Texas Panhandle wildfire hearings: Accountability, aerial conflicts top issues

The Texas Panhandle wildfires burned more than a million acres, claiming lives, consuming property, and livestock. 

On Tuesday, members of a special statehouse committee started a three-day hearing into the fires with accountability as the main focus. Officials from the Texas A&M Forest Service were grilled first.

"How many people are in the Predictive Analysis Department," asked state Rep. Dustin Burrows (R-Lubbock).

Al Davis, director of the Texas A&M Forest Service, responded by saying the department had 11 people.

A key moment came when the leadership of the Forest Service was asked who should be held responsible for the fires. The committee was told the agency’s report does not indicate that. 

In early March, investigators reportedly stated that downed power lines sparked the Smokehouse Creek Fire. Officials with Xcel Energy said in a news release that it appears their equipment was involved. But during the hearing, committee members were not pleased with how the Forest Service appeared to avoid assigning blame.


"Why wouldn't you tell everybody in the state who did it," asked committee member Todd Hunter (R-Corpus Christi), who chairs a House committee that deals with the power grid. His question set off a terse exchange which ended with Forest Service officials admitting that asking who was officially responsible was a "fair" question.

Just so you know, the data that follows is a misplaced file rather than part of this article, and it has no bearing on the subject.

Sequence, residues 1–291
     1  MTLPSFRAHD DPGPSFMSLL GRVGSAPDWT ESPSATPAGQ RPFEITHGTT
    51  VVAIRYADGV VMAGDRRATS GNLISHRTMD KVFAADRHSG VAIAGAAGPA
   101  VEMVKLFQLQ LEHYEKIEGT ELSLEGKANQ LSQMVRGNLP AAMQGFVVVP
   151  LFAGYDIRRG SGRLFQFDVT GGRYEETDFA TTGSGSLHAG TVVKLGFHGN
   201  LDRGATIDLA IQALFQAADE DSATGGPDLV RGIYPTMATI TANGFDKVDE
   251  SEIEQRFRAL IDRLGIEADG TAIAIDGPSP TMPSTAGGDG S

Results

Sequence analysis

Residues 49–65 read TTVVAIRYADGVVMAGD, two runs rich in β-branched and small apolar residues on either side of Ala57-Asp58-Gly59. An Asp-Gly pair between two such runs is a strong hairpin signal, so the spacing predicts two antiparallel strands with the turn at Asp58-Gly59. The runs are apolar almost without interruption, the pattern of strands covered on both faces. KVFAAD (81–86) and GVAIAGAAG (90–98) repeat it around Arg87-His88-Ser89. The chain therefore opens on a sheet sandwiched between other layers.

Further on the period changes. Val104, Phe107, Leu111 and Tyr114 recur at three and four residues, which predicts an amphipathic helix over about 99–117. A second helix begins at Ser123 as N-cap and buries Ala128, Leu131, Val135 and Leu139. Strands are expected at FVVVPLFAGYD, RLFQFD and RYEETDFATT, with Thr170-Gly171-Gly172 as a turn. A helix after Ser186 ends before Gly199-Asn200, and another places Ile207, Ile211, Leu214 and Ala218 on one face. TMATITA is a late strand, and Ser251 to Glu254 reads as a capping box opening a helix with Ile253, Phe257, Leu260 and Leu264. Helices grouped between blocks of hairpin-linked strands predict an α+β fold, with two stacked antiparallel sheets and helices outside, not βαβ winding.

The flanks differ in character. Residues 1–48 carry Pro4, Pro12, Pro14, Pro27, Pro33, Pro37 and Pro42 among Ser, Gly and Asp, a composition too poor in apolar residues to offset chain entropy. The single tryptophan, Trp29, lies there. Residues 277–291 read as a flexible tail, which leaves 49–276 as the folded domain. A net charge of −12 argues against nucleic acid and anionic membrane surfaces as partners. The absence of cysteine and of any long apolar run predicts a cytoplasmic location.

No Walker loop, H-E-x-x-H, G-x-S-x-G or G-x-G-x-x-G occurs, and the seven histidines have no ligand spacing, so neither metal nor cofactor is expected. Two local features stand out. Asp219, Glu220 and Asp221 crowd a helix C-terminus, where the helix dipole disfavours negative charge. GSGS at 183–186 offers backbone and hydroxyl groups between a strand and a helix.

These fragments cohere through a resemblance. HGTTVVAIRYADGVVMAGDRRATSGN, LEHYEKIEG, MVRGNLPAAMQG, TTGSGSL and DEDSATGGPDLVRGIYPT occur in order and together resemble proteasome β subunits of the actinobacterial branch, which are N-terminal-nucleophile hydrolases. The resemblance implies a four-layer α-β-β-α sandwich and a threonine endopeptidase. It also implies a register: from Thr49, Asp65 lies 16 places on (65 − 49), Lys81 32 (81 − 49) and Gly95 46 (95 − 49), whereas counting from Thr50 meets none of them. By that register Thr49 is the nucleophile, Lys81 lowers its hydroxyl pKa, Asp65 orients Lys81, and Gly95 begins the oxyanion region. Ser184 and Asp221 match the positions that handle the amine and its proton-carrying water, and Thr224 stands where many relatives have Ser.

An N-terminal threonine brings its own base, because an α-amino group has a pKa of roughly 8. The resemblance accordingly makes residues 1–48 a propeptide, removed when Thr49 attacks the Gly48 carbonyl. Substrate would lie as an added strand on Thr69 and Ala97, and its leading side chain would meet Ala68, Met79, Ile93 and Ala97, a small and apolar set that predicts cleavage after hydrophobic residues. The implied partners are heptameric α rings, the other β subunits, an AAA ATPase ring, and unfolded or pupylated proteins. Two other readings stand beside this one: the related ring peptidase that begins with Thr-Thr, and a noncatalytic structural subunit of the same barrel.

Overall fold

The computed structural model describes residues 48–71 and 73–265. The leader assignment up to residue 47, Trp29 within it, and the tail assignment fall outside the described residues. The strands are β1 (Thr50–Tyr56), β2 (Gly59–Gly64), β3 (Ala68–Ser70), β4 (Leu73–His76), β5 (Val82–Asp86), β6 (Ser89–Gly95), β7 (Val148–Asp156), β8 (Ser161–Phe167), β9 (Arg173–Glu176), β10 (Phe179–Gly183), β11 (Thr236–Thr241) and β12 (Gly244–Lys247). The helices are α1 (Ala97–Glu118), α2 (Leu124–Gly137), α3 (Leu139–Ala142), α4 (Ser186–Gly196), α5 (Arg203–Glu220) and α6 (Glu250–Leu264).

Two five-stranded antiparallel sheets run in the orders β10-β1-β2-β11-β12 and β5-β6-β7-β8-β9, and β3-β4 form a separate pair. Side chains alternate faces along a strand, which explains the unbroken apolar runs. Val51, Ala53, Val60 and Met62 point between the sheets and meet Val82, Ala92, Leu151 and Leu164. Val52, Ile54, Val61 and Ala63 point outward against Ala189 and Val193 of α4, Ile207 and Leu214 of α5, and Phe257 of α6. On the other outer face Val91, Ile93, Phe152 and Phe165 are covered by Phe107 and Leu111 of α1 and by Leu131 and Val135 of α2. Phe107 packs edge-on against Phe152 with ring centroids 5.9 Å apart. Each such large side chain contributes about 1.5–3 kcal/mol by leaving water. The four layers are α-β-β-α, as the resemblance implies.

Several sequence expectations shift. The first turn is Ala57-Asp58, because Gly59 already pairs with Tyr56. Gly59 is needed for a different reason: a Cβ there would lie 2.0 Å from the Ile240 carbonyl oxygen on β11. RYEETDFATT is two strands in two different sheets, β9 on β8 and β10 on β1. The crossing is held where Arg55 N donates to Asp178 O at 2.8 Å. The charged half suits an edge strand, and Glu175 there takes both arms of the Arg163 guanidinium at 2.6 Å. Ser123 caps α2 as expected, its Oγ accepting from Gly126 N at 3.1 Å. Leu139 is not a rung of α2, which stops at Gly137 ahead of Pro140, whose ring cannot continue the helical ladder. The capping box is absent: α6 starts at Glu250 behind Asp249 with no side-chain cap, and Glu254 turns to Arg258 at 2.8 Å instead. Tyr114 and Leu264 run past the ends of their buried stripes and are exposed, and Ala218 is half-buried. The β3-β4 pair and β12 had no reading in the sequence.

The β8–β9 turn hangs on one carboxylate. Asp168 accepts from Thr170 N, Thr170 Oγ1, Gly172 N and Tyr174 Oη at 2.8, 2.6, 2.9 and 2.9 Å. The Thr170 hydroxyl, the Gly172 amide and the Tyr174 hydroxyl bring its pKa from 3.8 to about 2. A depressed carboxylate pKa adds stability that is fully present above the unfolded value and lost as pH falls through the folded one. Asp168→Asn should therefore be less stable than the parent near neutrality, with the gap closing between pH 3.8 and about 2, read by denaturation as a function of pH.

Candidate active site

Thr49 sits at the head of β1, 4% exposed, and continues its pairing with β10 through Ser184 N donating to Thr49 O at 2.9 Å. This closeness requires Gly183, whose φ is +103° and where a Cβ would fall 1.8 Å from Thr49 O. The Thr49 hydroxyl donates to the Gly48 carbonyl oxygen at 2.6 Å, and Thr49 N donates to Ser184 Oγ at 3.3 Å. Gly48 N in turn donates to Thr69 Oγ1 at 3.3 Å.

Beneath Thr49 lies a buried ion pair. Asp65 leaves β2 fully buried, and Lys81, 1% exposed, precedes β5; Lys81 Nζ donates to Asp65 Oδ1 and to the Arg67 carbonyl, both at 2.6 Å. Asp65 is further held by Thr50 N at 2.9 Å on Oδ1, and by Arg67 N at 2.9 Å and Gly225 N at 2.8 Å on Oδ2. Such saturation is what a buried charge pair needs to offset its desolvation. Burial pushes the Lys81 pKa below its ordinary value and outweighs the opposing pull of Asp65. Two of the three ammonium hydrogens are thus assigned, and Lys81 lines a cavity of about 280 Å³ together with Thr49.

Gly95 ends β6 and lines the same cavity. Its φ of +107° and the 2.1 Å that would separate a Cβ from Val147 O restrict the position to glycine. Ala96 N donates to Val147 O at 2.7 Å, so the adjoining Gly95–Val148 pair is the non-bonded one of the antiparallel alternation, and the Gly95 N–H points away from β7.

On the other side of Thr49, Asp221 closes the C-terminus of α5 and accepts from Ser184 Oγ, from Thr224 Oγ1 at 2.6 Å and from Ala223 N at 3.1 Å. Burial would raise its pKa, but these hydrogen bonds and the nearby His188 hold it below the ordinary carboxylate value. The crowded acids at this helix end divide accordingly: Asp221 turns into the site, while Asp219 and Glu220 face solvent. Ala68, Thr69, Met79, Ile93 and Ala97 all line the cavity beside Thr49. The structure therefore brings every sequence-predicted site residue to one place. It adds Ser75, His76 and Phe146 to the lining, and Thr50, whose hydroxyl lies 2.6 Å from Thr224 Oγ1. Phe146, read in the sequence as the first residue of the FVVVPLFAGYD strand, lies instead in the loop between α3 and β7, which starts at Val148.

Another big question came from committee Chair Rep. Ken King (R-Canadian), who was concerned about issues regarding a lack of communication and coordination.

"So, I know now why my county judges were not told up front that there was no aircraft available because Texas Forest Service doesn't have a copy of the contract. And you didn't know it either," said King.

Conflicts, during the first few days of the wildfire outbreak, took place between the owners of local aircraft and resources flown in. Committee member Jason Abraham, who is a rancher and a pilot, spoke about being waved off from a fire scene that he was flying over at the time.


"Right before it burned the house up. About 45 minutes later. Your air support showed up.  I could have put the fire out, and the fire department is sitting there, it would have been about a ten-minute job we'd had this thing put out," said Abraham. 

The big push with outside aircraft took several days to happen. The committee was told state and federal officials spent time finding the most affordable providers to hire through a process called Best Value Determination. The committee heard how locally owned planes and helicopters were kept out of the fire zone while the value determination process was being completed.

"That's a big deal. You grounded us. You keep us from fighting fire, working on our own ranches. So that's what I asked you. Are you sure you really want Texas to have their own forces, of their own force, slash Air Force. We've seen these guys in action," said Abraham.

The Best Value Determination process, in an assessment by Rep. Hunter, does not value people or property. 

The hearing continues Wednesday with public testimony coming Thursday. A full report with recommendations for lawmakers to consider for the next legislative session is to be filed by the first of May.